Por otro lado, para que las diversidades dialoguen y vayan articulándose en un sujeto político feminista, en los Encuentros debemos contribuir a la construcción de un piso común de entendimiento entre las mujeres que se van acercando a los espacios feministas y aquellas que ya llevan más tiempo en ellos. Si bien debemos celebrar que en cada Encuentro Feminista hay nuevas compañeras y que día a día, gracias a las luchas feministas por la igualdad, cada vez más mujeres se asumen como sujetas de derechos, falta propiciar un mayor intercambio y acercamiento que permita tanto transmitir la historia, las agendas y los principios feministas como aprender de las experiencias y saberes de estas nuevas compañeras.

Por otro lado, tenemos que hacer un trabajo más consciente de reconocimiento y acercamiento con mujeres que están jugando un rol importante en otros movimientos sociales, y que pese  a estar desafiando a algunos de los poderes más retrógrados de nuestros tiempos, no cuentan con el respaldo, no han encontrado sentido o, simplemente, no han conocido al movimiento feminista y, por lo tanto, no participan de nuestros Encuentros.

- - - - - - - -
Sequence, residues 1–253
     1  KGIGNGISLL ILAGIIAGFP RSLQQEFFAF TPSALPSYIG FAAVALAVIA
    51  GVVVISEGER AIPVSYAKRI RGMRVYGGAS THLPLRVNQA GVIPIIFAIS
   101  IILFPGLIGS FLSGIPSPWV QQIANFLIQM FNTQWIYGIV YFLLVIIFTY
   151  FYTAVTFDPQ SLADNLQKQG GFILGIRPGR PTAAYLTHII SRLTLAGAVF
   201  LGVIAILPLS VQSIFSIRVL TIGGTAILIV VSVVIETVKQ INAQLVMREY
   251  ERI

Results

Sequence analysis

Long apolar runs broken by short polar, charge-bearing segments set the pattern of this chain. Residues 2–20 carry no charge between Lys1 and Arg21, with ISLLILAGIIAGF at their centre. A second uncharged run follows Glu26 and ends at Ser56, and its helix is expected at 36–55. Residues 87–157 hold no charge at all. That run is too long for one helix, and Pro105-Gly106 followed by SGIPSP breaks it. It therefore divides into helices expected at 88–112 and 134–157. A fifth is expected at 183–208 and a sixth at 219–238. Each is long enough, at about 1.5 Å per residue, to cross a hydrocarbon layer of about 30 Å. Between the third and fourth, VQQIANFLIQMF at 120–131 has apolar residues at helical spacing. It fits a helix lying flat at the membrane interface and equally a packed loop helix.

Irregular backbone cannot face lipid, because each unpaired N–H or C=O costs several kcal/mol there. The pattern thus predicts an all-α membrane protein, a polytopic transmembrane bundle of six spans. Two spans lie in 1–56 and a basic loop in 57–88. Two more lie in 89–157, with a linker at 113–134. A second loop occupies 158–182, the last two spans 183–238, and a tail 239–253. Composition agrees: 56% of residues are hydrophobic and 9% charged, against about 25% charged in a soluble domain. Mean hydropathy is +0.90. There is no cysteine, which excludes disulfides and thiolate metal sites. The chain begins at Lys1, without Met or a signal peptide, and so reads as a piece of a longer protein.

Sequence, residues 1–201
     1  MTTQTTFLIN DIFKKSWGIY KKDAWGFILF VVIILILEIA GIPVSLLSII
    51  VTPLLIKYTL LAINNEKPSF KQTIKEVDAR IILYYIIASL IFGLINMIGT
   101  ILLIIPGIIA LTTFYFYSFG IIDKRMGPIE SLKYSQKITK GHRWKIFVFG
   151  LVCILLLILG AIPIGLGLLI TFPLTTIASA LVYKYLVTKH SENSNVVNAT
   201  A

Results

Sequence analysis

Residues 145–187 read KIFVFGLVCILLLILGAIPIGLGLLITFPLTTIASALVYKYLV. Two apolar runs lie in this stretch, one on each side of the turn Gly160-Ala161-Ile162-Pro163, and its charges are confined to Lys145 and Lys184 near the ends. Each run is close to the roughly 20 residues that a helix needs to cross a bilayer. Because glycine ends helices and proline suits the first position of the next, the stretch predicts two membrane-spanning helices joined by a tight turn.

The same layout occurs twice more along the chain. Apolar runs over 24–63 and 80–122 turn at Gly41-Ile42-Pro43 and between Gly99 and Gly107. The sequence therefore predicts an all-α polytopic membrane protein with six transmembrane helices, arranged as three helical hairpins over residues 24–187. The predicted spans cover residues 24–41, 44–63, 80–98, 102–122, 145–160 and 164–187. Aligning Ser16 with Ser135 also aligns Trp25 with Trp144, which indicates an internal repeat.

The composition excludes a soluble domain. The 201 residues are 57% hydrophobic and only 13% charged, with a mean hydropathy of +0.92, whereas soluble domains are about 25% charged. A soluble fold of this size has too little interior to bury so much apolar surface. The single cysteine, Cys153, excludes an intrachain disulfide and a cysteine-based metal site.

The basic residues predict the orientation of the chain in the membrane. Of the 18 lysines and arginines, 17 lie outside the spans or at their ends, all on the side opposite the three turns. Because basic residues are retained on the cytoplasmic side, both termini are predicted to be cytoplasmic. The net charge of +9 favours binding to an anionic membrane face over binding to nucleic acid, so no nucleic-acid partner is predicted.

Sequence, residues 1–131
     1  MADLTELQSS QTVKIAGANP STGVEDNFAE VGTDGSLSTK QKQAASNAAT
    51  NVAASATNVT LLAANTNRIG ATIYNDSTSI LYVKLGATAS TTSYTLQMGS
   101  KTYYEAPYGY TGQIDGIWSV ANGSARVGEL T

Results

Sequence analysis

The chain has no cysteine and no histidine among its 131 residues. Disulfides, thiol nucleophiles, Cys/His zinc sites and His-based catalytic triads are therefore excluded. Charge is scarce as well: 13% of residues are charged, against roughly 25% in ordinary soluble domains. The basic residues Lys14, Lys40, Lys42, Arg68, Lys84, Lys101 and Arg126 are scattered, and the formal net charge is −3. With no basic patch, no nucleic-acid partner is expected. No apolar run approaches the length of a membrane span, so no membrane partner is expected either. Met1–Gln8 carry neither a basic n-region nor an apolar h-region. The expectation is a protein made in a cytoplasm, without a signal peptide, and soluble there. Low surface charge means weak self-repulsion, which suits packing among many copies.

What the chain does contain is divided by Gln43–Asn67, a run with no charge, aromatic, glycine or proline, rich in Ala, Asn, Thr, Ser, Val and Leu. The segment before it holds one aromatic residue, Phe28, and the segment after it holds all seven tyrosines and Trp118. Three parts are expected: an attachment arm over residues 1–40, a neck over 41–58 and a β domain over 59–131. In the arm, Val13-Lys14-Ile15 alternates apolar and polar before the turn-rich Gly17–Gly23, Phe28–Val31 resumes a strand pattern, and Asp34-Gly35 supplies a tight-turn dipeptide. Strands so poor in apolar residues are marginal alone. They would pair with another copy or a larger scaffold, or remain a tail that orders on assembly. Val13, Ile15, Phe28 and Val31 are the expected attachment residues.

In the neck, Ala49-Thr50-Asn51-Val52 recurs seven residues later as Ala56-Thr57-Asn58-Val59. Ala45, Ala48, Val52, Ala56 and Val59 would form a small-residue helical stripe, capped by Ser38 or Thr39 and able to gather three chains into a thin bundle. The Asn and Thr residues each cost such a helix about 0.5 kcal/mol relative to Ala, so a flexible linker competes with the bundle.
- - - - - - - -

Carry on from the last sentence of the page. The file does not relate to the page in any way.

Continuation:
Me refiero a compañeras como las familiares de personas desaparecidas en México que buscan y exigen justicia, a las mujeres que asisten a personas migrantes en su ruta, a las trabajadoras sexuales que se organizan contra la trata de personas y por mejores condiciones de vida, a las mujeres indígenas que se oponen a la minería, a las abogadas y otras profesionistas que acompañan casos en organizaciones de derechos humanos, etc. Muchas de ellas están en riesgo, no son plenamente reconocidas en sus organizaciones o trabajan en condiciones de suma precariedad. Ellas, como nosotras, tendrían que encontrar en nuestro movimiento un espacio para el empoderamiento personal y el fortalecimiento de su trabajo y organizaciones.